Aaron Rodgers may not be human.
The Green Bay Packers quarterback was carted off the field with a knee injury in the first half of Sunday's game against the Chicago Bears at Lambeau Field but returned facing a 20-0 deficit. All he did was throw for 286 yards and three touchdowns while directing an incredible comeback in a 24-23 season-opening victory.
His final dagger to the Bears' heart was a 75-yard touchdown pass to Randall Cobb on 3rd-and-10 with two minutes and 13 seconds remaining a mere two plays after Kyle Fuller dropped what likely would have been a game-clinching interception.
Even on One Leg, Aaron Rodgers a Superhero
For a moment, it looked as if the Packers' season was over.
As Rodgers was being carted off the field, memories of the 2017 campaign came flooding back when he played just seven games because of a broken collarbone. Green Bay proceeded to miss the playoffs for the first time since the 2008 campaign as Brett Hundley threw nine touchdowns and 12 interceptions.
DeShone Kizer is the backup now, but he threw 11 touchdowns and 22 interceptions last year on the Cleveland Browns. Green Bay has no chance without Rodgers, and that was clear on Kizer's first possession when Khalil Mack strip-sacked the backup quarterback.
Willis Reed and Kirk Gibson now have company on the list of hobbled players who returned to treat fans to incredible moments that only come in sports.
Rodgers trotted onto the field for the second half and, despite barely stepping into many of his throws and essentially using only his arm to push the ball downfield, threw a 39-yard touchdown pass to Geronimo Allison, 12-yard touchdown pass to Davante Adams and the 75-yard backbreaker to Cobb, who sprinted past the Chicago secondary and did much of the work after the catch.
According to John Buccigross of ESPN, it was the first time Rodgers threw three touchdowns in a fourth quarter in his incredible career.
Green Bay deserves credit for switching the offensive attack and utilizing pace to prevent the Bears' pressure from getting to Rodgers, but this was all about the all-time great adding yet another memorable chapter to his Hall of Fame resume.
He is the closest thing the NFL has to an actual superhero.
Bears Must Maintain Offensive Aggressiveness to Succeed
Chicago's offense lacked innovation, struggled throughout the season and lost a challenge that overturned its own touchdown during the 2017 campaign under John Fox. The result was a group that was 30th in the league in yards and 29th in points on the way to a 5-11 record.
It appeared as if things had changed, but those feelings of optimism lasted a mere half.
New coach Matt Nagy wasted no time making an impact on Chicago's first drive, which went for 10 plays, 86 yards and a touchdown. The Bears mixed in a wishbone-like formation on a sweep with two lead blockers, misdirection and receivers in motion, and even offensive tackle Charles Leno lining up out wide.
Trubisky capped it off with a read-option keeper for the score.
Apparently Rodgers' abilities extend to forcing the opposing coach to forget how effective his early play-calling was while building what should have been an insurmountable lead.
The Bears shifted into a conservative approach after Rodgers returned, mixing in predictable runs on early downs, screen passes that went nowhere and even a 3rd-and-1 pass that was completed short of the first-down sticks.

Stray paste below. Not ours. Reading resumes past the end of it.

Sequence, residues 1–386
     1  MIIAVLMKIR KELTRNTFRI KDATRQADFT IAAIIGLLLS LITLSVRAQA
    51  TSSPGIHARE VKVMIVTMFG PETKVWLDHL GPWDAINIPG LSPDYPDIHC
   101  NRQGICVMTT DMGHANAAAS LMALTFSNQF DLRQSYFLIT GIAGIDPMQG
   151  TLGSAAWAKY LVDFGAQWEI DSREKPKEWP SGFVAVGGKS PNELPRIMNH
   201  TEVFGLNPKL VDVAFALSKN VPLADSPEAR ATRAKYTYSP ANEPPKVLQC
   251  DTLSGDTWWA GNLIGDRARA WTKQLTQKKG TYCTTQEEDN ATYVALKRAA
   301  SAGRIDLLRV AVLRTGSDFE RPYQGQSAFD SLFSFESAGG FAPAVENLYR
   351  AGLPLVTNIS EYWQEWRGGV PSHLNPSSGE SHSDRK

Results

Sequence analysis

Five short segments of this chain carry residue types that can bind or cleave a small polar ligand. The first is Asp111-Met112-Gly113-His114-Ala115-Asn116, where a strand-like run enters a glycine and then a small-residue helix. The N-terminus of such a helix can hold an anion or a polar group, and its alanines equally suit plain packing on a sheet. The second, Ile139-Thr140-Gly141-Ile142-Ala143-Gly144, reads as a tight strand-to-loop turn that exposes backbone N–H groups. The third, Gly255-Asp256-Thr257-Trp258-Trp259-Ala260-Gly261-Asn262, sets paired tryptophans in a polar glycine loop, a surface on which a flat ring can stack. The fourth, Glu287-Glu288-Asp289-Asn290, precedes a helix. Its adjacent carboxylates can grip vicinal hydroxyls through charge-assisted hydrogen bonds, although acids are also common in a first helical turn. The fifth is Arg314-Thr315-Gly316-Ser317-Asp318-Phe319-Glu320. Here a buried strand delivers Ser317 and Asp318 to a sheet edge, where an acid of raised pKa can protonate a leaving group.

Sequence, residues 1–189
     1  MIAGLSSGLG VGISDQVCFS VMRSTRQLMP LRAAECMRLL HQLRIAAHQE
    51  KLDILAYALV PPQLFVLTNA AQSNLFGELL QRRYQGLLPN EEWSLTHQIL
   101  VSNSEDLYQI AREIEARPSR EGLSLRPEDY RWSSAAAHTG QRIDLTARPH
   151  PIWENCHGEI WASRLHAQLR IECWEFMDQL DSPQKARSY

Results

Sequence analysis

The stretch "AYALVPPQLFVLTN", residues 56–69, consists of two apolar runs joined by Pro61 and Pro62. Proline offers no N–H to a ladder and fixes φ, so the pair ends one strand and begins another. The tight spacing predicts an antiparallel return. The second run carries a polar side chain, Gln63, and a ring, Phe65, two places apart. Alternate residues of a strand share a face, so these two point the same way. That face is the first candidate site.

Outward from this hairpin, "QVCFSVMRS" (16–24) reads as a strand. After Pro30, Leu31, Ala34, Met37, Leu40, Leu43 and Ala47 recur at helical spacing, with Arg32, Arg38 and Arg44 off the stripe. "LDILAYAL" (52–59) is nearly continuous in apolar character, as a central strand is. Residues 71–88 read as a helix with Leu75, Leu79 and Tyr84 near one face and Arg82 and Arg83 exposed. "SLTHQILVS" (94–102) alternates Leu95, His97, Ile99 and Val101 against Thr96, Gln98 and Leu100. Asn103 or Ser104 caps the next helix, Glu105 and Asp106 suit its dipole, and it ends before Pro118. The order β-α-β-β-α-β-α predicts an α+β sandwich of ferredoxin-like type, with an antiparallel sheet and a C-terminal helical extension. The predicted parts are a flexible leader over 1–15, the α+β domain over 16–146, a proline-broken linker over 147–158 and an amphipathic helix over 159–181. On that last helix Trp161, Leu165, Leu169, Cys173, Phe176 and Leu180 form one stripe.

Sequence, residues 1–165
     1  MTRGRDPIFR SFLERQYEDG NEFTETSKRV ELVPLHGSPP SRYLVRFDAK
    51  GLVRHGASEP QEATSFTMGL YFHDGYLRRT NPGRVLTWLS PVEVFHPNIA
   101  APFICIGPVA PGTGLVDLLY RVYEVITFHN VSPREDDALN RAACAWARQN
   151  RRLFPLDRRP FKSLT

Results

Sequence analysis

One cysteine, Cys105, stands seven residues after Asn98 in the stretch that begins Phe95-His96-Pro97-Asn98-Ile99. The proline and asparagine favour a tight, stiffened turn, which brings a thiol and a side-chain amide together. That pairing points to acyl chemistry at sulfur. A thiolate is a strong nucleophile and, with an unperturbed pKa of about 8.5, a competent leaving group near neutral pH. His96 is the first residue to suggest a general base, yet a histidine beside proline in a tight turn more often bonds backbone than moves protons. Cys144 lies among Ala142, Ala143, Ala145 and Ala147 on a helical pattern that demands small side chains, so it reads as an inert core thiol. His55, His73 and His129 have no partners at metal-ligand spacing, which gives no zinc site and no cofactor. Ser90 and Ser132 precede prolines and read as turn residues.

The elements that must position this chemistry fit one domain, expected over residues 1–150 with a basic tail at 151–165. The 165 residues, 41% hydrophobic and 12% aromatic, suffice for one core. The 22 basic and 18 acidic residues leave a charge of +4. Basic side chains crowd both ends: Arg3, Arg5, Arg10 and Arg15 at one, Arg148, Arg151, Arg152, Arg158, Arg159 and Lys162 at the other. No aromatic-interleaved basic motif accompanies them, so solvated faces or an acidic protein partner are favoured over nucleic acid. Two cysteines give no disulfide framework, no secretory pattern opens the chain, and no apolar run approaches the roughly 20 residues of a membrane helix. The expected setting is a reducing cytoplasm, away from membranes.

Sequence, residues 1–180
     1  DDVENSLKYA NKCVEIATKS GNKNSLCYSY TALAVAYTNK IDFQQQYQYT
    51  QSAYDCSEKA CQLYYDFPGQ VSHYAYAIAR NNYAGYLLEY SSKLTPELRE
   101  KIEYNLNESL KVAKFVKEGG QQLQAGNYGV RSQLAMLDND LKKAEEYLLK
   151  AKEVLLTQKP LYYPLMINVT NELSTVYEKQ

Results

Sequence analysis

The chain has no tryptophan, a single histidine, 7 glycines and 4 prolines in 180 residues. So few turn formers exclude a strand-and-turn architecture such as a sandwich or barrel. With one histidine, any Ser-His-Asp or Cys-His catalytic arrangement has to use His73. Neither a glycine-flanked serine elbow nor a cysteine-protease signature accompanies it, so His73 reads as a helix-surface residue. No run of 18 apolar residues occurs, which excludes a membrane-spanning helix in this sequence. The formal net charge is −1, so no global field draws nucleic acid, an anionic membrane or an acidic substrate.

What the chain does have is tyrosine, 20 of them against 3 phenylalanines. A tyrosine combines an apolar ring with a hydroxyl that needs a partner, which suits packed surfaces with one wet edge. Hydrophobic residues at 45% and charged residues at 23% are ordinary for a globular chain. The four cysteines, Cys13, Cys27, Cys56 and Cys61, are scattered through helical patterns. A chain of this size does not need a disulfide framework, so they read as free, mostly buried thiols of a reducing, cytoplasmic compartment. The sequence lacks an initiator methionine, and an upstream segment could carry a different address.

Then, the one time the Bears should have been conservative with a 3rd-and-2 on Green Bay's 14-yard line with less than three minutes remaining, they threw an incomplete pass with Jordan Howard on the sideline. Rather than run clock and perhaps pick up the first down while the Packers had no timeouts remaining, Chicago settled for a field goal and fateful six-point lead.
Still, it was the conservative play-calling in other parts of the second half that kept the Bears defense on the field and allowed Rodgers to wear them out with his tempo.
Chicago overhauled its roster this offseason by adding Allen Robinson, Trey Burton, Anthony Miller and Taylor Gabriel as pass-catchers around Howard and Tarik Cohen. The weapons were on full display in the first half and made the Bears look like playoff contenders.
The fourth quarter was a master class in playing not to lose, and Chicago lost as a result. The only way it will turn things around moving forward is to tap into that aggressiveness that worked early in Sunday's game.
Bears Defensive Front Capable of Leading Team to Playoffs
If there are any silver linings to Sunday's disaster for Chicago, it is the fact that the defensive front seven looks loaded and capable of leading it into the playoff picture.
This was a defense that finished ninth in the league in points allowed in 2017, and it added Mack—the 2016 Defensive Player of the Year—and Roquan Smith—the No. 8 pick of the 2018 draft.
Mack had the strip-sack and a pick-six against Kizer, while Smith tallied a sack on the first play of his career.
It wasn't just those two, though, as Akiem Hicks, Leonard Floyd and even Roy Robertson-Harris made life difficult on a Green Bay offensive line Football Outsiders ranked 28th in the league in pass protection in 2017.
The defense ultimately wore down and didn't take advantage of a game-ending gift when Fuller dropped a surefire interception, but there were flashes of a playoff-caliber front seven.
It's at least something to build on after Rodgers stunned his rivals again.
The Bears open their home slate in Week 2 against the Seattle Seahawks, while the Packers will face another divisional foe at home in the Minnesota Vikings.